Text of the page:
Dismantling Racism

One of the emphasis of Matthew 25 Project  is to dismantle structural racism.  Society over the centuries has put in place structures, laws, unwritten rules that allow for racism to continue and divide despite our saying we are not “racists”.   Structural Racism is not primarily about individuals’ prejudice but rather about the system that allows, some just by the color of the skin, to have advantages over others.

The Presbytery Mission Agency (PMA) asserts that structural racism can show up in many ways including:

  • Housing discrimination that was codified after World War II with “red lining” and continues today by limits to where people of color can live and by making it difficult to be homeowners.
  • Laws and Policies that deny people of color access to quality education, employment and adequate health care.
  • Food insecurity or apartheid by having “food deserts”, areas that do not have access to quality or affordable food.
  • Mass incarceration and a criminal justice system that targets people of color with lengthier sentences, inadequate access to attorneys and bail laws that favor rich over poor.
  • Environmental racism when the dumping of hazardous waste, inadequate infrastructure, and lack of access to clean water that results in a range of serious health problems in communities of color who already are limited on access to good health care.

The protest this week were about the death of George Floyd and others who have died too soon because of our inability to address structural and individual racism.  People were willing to risk becoming ill with COVID 19 in order that they be heard and to say “NO MORE”.

The riots and fires are not to be condoned.  Yet protest need to continue in many different forms because we cannot continue to allow God’s people to be divided and harmed.  We cannot be silent.

The Presbytery of Newton for the last 7 years has been moving forward with conversations about racism, white privilege and the structural systems that keep people divided and oppressed.  We will continue to work towards the place God is calling us to be as faith communities.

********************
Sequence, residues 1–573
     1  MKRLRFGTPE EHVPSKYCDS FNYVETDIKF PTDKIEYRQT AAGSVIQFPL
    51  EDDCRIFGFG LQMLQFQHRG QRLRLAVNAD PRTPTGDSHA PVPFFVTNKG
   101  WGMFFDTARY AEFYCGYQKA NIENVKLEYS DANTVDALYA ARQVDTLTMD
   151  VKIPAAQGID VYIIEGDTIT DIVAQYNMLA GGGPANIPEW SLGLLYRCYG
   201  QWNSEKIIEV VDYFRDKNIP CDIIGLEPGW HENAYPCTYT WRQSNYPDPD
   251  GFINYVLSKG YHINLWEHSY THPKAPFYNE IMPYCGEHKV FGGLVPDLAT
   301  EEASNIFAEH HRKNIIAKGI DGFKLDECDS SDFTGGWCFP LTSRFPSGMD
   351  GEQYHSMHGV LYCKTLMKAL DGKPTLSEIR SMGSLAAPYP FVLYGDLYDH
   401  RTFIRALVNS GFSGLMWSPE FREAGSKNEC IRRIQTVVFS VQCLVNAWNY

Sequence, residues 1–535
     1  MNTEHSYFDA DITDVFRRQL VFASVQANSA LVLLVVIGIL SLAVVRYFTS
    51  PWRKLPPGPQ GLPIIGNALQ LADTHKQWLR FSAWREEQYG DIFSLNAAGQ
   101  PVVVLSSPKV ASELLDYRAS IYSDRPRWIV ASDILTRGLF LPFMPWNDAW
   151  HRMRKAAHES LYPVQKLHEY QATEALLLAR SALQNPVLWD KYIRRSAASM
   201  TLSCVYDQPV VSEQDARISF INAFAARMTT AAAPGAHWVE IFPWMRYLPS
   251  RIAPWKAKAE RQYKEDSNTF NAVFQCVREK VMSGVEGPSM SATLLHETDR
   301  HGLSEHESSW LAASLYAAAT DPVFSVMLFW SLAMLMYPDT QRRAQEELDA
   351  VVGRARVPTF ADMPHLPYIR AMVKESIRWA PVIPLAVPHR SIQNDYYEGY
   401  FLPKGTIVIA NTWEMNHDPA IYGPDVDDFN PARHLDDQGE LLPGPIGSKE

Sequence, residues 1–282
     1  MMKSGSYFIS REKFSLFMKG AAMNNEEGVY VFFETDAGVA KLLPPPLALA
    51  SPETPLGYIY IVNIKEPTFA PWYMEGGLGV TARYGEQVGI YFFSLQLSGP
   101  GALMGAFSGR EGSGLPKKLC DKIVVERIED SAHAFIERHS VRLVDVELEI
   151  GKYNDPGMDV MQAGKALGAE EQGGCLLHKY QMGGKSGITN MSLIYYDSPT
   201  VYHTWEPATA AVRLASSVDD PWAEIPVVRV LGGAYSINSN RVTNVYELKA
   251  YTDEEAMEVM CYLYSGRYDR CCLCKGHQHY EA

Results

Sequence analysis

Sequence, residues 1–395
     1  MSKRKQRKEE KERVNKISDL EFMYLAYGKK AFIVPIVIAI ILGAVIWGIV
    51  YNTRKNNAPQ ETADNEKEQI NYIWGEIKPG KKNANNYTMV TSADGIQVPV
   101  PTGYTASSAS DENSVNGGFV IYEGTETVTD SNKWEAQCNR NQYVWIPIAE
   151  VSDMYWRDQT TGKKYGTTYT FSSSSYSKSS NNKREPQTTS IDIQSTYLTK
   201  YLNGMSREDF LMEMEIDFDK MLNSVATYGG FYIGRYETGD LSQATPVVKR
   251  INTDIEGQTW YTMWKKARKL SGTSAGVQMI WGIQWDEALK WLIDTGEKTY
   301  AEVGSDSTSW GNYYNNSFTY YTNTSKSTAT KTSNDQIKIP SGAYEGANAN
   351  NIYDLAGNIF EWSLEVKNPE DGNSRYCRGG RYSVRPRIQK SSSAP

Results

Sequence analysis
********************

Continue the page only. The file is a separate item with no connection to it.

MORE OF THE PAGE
We have a page on our website that has resources about Racism and dismantling structural racism. Resources and information will be added on egularly.  The Presbytery Coordinating Team will have a discussion at their next meeting on possible and tangible steps for our presbytery to be engaged in this necessary work.  We will be encouraging and engaging congregations to accept the invitation to be a Matthew 25 Congregation and to work together on ways we can be vital congregations, dismantle structural racism and eradicate systemic poverty.

The PMA contends that deeply ingrained racist systems and structures in our communities and presbytery takes sensitivity, determination and stamina. Before faith communities can confront the harsh realities of racism, it is helpful to have a good foundation.

The PMA recommends before faith communities start their work that they engage in a 21-Day Racial Justice Challenge. The challenge invites us to do something every day to raise our self  awareness about the harmfulness of racism and encourage action in response to that awareness. The PC(USA) has joined several nonprofits, organizations and school systems in adapting the challenge for use in our congregations.

Each day there is a different challenge such as reading, a video or a question for reflection.  The Presbytery Staff has all agreed to take on the 21 Day Challenge for Justice starting Monday, June 8.  You can find the challenge at the PMA webpage and starting Monday it will be on our webpage and each day on our Facebook page.

This isn’t the answer to Structural Racism, but it is a small step that we can take. This conversation will continue in the Presbytery just as it has over the last years.

The 2016 General Assembly policy “Facing Racism: A Vision of the intercultural Community” states:

Racism is a lie about our fellow human beings, for it says that some are less than others. It is also a lie about God, for it falsely claims that God favors parts of creation over the entirety of creation. Because of our biblical understanding of who God is and what God intends for humanity, the PC(USA) must stand against, speak against and work against racism. Anti-racist effort is not optional for Christians. It is an essential aspect of Christian discipleship, without which we fail to proclaim the Good News of Jesus Christ.

21 Day Racial Justice Challenge

Day 1. Read the PC(USA) churchwide anti-racism policy, “Facing Racism: A Vision of the Intercultural Community,” at facingracism.org.

Day 2. Study the Week One lesson from the Facing Racism Study Guide.

Day 3. Watch an updated version of the Clark doll experiment, which explores how early-in-life ideas of racial inferiority and superiority are internalized.

Day 4. Study the Week Two lesson from the Facing Racism Study Guide.

Day 5. Read the resolution of the 223rd General Assembly of the PC(USA) on environmental racism.

Day 6. Watch the Presbyterian Hunger Program’s webinar, “Impact of Environmental Injustice on Low Income and Communities of Color.”

Day 7. Read what youth at the 2016 Triennium learned about environmental racism.

Day 8. Study the Week Three lesson from the Facing Racism Study Guide.